Abstract
This paper shows the remarkable compatibility of the thought of Bernard Williams and Søren Kierkegaard regarding what Williams would call the “limits” of philosophical ethics and practice. In different ways both Williams and Kierkegaard critique a reductionist conception of the ethical life, its obligations, and the prescriptions that ethical theories make based upon such conceptions. Additionally, the high level of reflectiveness in their respective societies worries both. For Williams the concern is an epistemological one, whereas for Kierkegaard the issue is moral. Upon juxtaposing their thought in these areas, I show how Kierkegaard extends the concerns that he shares with Williams by demonstrating a wider vision of what philosophical ethics can and should do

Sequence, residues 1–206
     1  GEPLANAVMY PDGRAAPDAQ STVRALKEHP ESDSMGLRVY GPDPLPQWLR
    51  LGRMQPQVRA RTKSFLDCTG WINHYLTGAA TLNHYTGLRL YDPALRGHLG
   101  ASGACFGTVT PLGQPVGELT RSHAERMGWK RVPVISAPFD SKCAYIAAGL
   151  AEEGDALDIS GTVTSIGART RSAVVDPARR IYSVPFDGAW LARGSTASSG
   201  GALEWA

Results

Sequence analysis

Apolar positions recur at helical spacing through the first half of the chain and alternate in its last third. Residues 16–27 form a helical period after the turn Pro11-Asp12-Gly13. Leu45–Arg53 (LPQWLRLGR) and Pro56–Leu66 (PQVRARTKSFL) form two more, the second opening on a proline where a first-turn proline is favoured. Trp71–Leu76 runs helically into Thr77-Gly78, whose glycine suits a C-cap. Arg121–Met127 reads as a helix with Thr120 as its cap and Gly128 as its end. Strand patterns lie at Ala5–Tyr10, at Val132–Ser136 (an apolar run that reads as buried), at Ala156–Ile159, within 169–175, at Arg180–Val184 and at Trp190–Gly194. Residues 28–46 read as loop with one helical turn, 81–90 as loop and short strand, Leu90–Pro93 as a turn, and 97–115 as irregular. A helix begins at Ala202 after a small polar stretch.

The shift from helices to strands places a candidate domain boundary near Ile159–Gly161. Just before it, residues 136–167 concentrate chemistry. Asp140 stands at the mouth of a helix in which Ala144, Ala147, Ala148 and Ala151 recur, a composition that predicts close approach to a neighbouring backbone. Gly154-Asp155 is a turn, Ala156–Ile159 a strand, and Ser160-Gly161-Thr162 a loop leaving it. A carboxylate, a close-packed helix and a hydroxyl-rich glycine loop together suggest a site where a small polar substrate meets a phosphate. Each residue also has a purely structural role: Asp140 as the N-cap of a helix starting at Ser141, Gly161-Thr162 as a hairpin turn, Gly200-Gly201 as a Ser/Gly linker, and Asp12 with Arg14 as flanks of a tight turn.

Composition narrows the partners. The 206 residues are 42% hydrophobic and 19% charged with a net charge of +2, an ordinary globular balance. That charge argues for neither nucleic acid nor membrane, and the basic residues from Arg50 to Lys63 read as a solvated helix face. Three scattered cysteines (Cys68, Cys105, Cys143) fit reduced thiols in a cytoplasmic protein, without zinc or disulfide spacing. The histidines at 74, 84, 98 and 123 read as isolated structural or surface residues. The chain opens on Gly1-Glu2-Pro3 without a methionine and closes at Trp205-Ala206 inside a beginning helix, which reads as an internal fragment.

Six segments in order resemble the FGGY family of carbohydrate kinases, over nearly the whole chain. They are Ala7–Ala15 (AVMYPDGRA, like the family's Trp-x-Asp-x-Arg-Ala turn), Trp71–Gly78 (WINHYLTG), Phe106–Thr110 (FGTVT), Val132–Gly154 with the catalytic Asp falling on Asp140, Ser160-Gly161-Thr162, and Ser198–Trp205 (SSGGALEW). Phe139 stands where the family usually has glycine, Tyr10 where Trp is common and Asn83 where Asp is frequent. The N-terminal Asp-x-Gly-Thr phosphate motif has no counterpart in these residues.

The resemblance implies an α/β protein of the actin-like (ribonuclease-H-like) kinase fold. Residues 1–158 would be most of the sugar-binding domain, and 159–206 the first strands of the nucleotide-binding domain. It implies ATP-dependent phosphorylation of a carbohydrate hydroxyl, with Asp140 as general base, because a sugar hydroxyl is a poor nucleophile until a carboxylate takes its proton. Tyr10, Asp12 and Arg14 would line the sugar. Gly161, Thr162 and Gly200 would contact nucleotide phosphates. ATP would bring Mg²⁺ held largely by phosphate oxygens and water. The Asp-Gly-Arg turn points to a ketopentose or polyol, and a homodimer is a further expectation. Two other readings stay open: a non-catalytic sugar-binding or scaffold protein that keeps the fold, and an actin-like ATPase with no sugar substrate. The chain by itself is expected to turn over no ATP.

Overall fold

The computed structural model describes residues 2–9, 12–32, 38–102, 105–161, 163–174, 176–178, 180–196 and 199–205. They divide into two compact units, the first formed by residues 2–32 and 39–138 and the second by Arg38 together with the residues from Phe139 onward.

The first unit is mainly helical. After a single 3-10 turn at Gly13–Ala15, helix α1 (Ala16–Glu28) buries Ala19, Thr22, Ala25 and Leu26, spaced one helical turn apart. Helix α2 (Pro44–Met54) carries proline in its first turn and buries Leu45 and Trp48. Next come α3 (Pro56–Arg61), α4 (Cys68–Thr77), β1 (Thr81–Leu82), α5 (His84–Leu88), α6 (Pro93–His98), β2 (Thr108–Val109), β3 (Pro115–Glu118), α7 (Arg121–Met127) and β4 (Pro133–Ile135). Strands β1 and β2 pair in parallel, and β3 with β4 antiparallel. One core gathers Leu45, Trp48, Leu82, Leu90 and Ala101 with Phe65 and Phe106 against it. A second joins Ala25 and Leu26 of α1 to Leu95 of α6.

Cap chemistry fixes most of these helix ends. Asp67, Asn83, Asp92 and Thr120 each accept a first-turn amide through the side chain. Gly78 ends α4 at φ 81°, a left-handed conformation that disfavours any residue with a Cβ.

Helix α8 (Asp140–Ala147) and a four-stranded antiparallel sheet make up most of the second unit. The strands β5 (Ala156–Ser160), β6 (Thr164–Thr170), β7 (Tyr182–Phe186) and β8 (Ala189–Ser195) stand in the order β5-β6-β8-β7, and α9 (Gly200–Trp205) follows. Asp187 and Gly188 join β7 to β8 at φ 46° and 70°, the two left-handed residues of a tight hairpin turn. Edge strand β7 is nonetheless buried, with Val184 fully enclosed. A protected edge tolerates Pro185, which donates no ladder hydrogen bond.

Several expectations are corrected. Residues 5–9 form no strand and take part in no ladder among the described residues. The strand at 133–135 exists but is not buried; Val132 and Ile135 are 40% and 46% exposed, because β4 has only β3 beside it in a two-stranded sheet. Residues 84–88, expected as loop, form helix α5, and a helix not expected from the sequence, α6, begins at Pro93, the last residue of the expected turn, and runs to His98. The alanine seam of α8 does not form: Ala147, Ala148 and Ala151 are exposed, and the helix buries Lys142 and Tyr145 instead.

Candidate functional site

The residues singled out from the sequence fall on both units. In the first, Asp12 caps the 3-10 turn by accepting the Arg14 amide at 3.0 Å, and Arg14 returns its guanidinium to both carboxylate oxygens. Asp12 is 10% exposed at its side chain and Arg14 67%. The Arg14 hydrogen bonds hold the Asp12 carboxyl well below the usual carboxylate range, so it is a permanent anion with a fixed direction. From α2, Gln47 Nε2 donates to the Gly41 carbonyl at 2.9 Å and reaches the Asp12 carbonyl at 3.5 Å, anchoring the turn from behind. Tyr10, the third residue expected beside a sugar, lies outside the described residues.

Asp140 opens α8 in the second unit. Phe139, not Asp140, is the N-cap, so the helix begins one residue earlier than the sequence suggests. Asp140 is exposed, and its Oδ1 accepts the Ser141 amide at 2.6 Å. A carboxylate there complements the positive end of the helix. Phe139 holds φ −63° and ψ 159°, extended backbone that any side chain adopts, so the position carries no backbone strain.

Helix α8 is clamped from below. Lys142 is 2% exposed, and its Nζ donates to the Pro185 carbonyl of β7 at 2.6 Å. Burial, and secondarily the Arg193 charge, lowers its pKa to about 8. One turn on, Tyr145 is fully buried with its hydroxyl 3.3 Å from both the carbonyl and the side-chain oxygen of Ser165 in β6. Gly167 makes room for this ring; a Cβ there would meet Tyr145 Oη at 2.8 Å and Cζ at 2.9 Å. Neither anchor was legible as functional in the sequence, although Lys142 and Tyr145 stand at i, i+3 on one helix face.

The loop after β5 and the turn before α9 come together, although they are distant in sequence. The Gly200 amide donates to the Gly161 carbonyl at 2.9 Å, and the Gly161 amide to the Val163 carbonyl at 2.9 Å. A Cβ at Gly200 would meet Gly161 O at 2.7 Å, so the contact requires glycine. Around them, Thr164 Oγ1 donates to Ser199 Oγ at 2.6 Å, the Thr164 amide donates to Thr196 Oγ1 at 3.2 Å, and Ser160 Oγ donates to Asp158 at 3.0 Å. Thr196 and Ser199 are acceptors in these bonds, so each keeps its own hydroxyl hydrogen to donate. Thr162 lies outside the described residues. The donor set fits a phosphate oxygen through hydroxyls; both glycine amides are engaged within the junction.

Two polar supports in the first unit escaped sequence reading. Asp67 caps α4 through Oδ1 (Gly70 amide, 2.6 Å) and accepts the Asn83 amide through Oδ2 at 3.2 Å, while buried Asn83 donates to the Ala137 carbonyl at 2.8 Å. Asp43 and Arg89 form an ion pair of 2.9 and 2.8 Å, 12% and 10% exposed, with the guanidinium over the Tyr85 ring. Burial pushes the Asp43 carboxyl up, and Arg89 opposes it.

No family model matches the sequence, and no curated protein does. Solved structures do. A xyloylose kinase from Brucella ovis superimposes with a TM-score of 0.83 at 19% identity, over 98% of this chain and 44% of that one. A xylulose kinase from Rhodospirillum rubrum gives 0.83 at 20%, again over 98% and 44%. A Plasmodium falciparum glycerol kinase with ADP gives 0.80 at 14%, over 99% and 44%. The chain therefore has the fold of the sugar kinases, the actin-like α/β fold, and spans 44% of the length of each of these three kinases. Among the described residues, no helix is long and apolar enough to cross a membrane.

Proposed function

Keywords Catholic Tradition  Contemporary Philosophy  History of Philosophy
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ISBN(s) 0019-0365
DOI 10.5840/ipq201252446
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